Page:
“If we kill all the owls, for example, someday we’ll be up to our ribcages in mice.” – Republican Governor Tom McCall
Tom McCall Waterfront Park borders the Willamette River as it flows along downtown Portland. The park opened in 1978, replacing Harbor Drive, a semi-freeway that separated the city from the then severely-polluted river. Waterfront Park was given its name to honor Tom McCall who served two terms as Oregon’s governor, from 1967 to 1975. Gov. McCall’s enduring legacy is his advocacy of land-use planning and his anti-pollution leadership.
Oregon Governor Oswald West in 1913 signed legislation designating its ocean beaches as public highways. “The shore of the Pacific Ocean from the Columbia River on the north to the Oregon and California State line on the south, is hereby declared a public highway and shall forever remain open as such to the public.” Driving on the beach used to be common, as did the sight of a motorist frantically trying to get free from soft sand before an incoming tide claimed the vehicle. The law was revised in 1947, changing “public highway” to “recreation area.” In California, beaches are also, by law, public. The wealthy and the famous find that outrageously unfair to them.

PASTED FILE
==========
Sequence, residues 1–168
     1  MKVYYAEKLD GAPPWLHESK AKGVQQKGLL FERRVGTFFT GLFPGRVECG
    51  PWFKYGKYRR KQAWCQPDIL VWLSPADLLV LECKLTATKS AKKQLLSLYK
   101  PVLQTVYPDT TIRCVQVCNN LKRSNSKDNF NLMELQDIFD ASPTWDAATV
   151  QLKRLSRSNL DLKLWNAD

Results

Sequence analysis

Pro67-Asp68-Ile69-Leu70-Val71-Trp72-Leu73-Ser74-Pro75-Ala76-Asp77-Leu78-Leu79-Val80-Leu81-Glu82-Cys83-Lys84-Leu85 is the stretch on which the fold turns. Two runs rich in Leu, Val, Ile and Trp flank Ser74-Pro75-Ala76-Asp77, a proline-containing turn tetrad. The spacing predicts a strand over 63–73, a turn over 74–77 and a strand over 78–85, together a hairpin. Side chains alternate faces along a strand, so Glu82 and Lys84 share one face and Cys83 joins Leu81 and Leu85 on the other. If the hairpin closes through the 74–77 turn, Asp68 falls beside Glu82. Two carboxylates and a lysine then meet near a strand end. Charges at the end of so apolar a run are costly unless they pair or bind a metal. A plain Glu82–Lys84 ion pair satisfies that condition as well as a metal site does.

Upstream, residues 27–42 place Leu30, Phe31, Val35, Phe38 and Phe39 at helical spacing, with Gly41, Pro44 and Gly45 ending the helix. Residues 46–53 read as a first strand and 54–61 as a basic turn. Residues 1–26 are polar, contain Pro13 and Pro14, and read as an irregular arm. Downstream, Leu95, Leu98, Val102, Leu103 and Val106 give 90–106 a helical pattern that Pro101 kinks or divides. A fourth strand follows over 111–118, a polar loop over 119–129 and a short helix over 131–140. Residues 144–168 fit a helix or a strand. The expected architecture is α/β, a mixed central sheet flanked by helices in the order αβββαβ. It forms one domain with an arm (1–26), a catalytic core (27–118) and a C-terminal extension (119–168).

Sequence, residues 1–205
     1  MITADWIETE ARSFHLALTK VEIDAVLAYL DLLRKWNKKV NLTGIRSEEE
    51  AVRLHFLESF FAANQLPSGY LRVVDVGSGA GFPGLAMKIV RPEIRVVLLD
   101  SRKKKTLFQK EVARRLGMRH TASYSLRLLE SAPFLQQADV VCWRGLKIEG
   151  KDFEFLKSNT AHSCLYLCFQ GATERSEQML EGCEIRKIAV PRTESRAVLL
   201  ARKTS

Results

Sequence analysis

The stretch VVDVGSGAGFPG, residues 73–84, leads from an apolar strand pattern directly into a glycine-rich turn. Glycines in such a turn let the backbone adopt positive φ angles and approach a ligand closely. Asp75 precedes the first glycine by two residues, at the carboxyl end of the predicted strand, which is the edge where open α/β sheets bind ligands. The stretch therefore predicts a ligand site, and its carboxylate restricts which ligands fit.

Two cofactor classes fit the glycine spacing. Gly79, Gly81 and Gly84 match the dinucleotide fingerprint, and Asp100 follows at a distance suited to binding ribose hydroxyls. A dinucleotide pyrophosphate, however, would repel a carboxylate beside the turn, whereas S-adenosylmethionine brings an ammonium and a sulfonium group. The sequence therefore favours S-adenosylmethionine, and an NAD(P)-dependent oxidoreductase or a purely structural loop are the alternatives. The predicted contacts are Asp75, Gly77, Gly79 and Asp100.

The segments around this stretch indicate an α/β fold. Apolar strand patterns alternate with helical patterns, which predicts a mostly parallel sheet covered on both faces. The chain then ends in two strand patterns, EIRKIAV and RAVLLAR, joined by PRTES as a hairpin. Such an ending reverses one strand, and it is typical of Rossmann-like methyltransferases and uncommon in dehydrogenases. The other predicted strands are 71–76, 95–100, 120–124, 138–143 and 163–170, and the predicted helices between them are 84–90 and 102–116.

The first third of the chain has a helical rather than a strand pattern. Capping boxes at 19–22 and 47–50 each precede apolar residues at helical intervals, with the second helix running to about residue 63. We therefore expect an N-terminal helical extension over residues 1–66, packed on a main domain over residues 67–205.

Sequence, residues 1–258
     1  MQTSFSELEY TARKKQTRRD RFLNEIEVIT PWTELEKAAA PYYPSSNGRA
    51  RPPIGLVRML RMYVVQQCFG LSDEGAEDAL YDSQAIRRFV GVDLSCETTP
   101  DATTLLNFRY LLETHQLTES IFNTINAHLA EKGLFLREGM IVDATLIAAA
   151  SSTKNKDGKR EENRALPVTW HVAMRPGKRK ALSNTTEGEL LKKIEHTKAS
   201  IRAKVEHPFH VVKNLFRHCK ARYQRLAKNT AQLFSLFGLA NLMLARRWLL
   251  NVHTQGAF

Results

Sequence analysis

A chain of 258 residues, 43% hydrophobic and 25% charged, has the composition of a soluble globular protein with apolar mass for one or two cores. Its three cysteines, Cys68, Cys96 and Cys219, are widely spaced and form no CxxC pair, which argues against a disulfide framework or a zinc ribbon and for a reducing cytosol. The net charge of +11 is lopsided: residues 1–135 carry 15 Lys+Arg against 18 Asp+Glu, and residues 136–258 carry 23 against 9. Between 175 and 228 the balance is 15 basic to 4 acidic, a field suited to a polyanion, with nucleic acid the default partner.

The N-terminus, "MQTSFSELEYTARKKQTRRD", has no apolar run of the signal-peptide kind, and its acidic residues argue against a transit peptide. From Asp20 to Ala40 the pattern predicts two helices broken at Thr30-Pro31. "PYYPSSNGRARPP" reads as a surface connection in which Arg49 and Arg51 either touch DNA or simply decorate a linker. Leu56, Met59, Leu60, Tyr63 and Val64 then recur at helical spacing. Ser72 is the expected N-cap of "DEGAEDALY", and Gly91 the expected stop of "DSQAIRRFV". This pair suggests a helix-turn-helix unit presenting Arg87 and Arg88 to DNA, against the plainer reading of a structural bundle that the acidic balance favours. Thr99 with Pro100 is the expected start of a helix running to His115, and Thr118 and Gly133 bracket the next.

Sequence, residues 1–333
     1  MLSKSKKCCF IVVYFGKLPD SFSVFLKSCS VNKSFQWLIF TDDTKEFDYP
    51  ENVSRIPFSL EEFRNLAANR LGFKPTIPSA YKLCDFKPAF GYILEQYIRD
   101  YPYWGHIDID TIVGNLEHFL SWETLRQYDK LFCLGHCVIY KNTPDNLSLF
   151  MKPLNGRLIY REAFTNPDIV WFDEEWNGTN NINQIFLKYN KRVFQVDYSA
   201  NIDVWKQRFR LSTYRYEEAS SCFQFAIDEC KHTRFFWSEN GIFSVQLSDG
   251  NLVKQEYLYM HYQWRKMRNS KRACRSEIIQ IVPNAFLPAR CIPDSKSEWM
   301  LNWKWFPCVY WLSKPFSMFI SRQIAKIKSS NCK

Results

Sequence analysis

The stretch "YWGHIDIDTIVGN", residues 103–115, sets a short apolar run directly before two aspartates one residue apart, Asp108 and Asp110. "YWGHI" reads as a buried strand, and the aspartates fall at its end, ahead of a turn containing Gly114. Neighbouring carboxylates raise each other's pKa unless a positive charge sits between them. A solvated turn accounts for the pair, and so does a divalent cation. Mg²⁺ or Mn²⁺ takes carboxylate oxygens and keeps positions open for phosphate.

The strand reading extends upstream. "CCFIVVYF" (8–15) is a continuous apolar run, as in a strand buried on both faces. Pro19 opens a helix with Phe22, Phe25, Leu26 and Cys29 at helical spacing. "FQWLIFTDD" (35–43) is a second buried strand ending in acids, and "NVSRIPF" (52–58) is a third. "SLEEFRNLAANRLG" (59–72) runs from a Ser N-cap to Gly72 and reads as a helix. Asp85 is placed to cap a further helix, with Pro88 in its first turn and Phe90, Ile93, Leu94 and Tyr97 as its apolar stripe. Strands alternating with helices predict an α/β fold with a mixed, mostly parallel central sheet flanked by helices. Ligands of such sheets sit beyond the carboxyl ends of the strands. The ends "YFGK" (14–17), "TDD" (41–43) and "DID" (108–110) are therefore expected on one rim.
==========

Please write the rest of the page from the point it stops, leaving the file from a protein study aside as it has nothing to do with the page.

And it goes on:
Last July, two thousand people gathered under a warm sun at the Tom McCall Bowl near Portland’s Riverplace Marina. Led by the Last Regiment of Syncopated Drummers, a parade of people, outfitted in colorful swimwear, marched past the Riverplace shops and restaurants. The participants, carrying inner tubes or more elaborate flotation equipment followed the drummers and then turned toward the river at “Poet’s Beach,” a Willamette River entry point under the downtown end of the I-5 Marquam Bridge. The procession followed a path down the embankment and waded into the river. Hundreds of people paddled, or simply floated, letting the current carry them downstream, returning to the Bowl. Back on shore they enjoyed an afternoon of music, refreshments and general merriment. The big party, called The Big Float, celebrated the Willamette River’s return to relative cleanliness – clean enough to swim in, anyway.